The relationship between reported episodes at 1 month and hospital admission is documented in Table 1. Infants who were reported to have had an episode of any of the four types described had an increased risk of hospital admission for apnea or cyanosis in the first 12 months with risk estimates varying from less than three for episodes of breath-holding to eight for episodes of breathing difficulties. A positive history of episodes of pallor, or breath-holding at home interview predicted a higher risk of subsequent hospital admission for apnea or cyanosis during the first year of life. Restricting the analysis only to infants hospitalized with apnea with no definite cause found, the associations between parental report of cyanosis, pallor or breathing difficulties and hospital admission status were increased. For example, the parental report of breathing problems or cyanosis at home interview was strongly related to hospitalization in the first year of life for these infants, with ORs of 13.52 (6.51, 28.08) and 8.32 (4.16, 16.63), respectively.
The Relationship Between Usual Sleep Position and Reported Episodes
Infant sleeping position was examined in relation to a history of cyanosis, pallor, breathing difficulties, and breath-holding (Figure). Most of the infants in the sleep position group called other were reported to have no usual sleeping position. The prone face-to-side, prone face down, side, or other sleeping positions did not differ from the supine position for episodes of pallor or breathing difficulties. The small group of infants who usually slept prone and face down had a significantly higher cyanosis rate than infants usually sleeping supine (Table 2). Infants who usually slept prone and face down were all born in the preintervention period and more tended to be premature (31.6% versus 18.8%, P = .15) and to sleep on ti-tree or another natural fibre mattress (52.9% versus 32%,P = .07) than other infants. The association between this sleep position and cyanosis persisted after adjustment for natural fibre mattress type or the factors listed in Table 2. Compared with the supine and face-to-side position, the supine face up, side, and prone face-to-side sleeping positions, did not differ significantly with regard to reported cyanosis rates. The mothers whose infants were classified as other sleep position were more likely to report that their infant had experienced cyanosis (Table 2). The effect of sleeping position was then examined separately for the group of infants who usually vomited after feeds (ie, possetted). Among these infants, the proportion experiencing cyanosis by usual sleeping position was:- prone face down 18.2%, prone face-to-side 11.5%, side 10.9%, supine face up 10.1%, supine face-to-side 11.1%, other 9.9% (X2 test for association,P = .96). Thus, infants who possetted and slept supine were not more likely to experience cyanosis than infants who possetted and slept in other sleep positions. The association between the prone face down sleep position and cyanosis did not appear to be potentiated by the concurrent use of a ti-tree or kapok mattress or the use of a sheepskin at interview or during cold winter weather. However, the small number (n = 18) of infants usually sleeping prone and face down means that a true effect may be present but was undetected due to inadequate statistical power. For breath-holding, only the sleep position called other differed significantly from the usual supine sleeping position, with infants who sleep in the position called other having increased rates of breath-holding.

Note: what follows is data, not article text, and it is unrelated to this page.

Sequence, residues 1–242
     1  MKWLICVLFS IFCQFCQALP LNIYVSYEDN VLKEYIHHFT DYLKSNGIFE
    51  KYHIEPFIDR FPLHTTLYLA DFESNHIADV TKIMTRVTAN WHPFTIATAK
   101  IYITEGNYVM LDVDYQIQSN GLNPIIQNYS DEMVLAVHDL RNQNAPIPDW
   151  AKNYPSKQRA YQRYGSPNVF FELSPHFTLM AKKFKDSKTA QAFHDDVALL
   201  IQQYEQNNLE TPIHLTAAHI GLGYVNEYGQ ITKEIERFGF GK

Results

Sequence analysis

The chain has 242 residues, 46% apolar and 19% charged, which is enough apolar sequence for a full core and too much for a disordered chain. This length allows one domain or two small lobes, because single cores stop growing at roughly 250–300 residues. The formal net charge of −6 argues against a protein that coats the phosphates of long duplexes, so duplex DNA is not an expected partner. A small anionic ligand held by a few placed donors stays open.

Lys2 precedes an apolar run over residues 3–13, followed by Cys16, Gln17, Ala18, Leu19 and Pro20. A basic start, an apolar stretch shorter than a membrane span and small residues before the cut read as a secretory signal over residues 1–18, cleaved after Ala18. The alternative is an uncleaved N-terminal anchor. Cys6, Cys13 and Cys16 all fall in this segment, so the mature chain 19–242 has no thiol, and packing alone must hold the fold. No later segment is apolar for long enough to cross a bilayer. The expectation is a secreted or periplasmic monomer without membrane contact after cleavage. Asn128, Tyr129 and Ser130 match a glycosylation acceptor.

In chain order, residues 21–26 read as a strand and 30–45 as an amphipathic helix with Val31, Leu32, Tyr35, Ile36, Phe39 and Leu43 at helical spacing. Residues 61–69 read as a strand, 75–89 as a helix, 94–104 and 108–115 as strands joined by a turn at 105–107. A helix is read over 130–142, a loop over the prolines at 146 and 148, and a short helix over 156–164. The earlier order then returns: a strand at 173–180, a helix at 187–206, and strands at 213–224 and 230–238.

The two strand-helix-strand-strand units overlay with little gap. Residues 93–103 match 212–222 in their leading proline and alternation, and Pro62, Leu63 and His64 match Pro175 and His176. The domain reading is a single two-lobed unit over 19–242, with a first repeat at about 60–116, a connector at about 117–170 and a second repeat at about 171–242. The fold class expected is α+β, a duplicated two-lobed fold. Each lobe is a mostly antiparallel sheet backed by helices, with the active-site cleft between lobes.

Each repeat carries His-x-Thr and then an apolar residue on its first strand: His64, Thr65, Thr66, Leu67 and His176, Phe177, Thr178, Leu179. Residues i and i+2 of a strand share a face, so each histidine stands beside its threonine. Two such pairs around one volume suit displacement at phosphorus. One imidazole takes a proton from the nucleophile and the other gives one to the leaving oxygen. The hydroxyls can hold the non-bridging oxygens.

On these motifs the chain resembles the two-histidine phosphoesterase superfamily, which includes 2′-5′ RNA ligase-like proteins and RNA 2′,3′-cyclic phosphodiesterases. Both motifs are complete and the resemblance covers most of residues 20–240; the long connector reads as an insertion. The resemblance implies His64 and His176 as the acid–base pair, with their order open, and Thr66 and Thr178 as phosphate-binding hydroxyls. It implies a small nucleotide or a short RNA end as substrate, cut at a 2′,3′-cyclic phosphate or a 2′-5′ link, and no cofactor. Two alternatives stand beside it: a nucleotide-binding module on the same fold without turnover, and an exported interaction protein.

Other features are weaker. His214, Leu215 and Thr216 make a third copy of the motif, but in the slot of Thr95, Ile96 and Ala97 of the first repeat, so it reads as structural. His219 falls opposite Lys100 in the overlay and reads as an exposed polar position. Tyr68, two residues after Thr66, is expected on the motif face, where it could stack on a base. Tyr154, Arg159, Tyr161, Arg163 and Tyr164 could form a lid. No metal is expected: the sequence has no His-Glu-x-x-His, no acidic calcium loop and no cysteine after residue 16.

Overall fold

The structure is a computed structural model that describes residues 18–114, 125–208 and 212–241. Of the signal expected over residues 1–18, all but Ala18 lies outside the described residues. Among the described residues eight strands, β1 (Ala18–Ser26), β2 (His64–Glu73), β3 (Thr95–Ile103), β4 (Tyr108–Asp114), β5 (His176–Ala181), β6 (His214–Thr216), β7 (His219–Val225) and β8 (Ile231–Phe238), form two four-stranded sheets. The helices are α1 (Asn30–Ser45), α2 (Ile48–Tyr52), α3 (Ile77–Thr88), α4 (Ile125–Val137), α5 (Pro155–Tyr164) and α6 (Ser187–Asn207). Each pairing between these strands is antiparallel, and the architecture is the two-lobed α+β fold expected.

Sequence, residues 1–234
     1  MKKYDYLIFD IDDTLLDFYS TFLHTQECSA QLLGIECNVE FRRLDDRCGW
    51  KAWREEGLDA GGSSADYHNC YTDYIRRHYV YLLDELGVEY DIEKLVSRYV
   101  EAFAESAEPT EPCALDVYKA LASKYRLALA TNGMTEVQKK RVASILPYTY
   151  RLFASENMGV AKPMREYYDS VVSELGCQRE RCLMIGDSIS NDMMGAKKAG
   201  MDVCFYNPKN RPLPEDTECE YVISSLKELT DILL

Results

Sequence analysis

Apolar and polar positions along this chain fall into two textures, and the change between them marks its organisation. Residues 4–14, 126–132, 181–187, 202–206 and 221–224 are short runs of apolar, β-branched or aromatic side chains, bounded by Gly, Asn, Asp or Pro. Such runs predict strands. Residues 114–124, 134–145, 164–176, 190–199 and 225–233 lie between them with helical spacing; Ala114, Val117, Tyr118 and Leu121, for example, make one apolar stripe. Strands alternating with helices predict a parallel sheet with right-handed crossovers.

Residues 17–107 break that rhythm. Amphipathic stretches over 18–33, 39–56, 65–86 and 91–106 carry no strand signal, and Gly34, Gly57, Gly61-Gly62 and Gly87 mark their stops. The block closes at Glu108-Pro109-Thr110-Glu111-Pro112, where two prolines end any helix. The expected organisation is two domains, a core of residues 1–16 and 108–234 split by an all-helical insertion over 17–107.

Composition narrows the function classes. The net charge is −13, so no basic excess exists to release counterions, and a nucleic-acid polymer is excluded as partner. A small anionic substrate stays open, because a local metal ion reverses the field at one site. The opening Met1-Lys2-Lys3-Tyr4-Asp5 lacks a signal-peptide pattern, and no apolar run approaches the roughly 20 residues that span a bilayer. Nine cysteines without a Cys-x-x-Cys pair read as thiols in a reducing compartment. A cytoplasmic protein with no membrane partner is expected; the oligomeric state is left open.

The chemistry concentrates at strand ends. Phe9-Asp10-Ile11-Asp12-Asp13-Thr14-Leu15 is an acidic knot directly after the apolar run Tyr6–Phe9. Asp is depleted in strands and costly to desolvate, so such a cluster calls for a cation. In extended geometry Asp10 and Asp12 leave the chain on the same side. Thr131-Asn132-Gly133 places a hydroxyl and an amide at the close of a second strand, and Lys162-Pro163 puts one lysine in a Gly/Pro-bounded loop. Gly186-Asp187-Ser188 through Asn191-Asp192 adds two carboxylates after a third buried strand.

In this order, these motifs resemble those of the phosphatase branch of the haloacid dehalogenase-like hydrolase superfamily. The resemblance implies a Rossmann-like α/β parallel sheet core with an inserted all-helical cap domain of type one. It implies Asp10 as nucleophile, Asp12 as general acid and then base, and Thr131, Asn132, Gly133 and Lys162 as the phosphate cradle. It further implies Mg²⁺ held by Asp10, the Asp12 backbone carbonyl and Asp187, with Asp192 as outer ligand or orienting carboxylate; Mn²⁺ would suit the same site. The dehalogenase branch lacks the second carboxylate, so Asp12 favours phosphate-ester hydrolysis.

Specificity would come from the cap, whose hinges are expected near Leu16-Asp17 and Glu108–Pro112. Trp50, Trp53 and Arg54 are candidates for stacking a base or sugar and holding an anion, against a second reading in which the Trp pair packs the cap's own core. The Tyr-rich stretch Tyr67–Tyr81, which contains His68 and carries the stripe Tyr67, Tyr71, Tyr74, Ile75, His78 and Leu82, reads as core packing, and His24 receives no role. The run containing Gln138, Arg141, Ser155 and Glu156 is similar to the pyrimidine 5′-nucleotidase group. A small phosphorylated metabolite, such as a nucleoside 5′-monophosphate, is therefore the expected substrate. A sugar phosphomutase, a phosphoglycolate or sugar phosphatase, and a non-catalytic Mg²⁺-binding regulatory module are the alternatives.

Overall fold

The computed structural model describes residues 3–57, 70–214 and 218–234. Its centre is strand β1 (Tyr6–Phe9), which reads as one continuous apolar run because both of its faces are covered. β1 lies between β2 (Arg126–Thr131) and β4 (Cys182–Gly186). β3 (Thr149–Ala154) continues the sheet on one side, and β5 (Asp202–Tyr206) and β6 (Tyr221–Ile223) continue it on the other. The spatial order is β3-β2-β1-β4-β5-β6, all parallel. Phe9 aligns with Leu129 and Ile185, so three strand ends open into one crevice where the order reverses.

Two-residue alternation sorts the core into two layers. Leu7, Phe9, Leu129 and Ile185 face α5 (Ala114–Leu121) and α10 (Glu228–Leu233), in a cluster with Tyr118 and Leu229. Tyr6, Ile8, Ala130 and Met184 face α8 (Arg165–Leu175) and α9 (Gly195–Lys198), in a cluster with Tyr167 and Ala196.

The Relationship Between Usual Sleep Position and Hospital Admission for Apnea or Cyanosis
The usual prone sleeping position was not associated with hospital admission for apnea and cyanosis (unadjusted odds ratio [UOR] = 1.19 [0.58, 2.41]). Prematurity and low maternal education increased the likelihood of an infant’s admission. Adjustment for gestation (≤28 weeks, 29 to 36 weeks, or >36 weeks) or low maternal education resulted in AORs of 1.02 (0.50, 2.09) and .95 (0.42, 2.15), respectively for the prone position. Hospital admission subsequent to home interview was also not related to the prone sleeping position. (UOR = .83 [0.28, 2.44]). The rates of hospital admission by specific sleeping position were: other sleep position, 1.6%; prone face-to-side sleeping position, 1.6%; side sleeping position, 1.4%. There were no admissions among the infants who usually slept supine or prone and face down. A similar pattern was observed when the analysis was restricted to only those infants hospitalized for apnea/cyanosis in whom no definite cause was found.
Rate Changes Over Time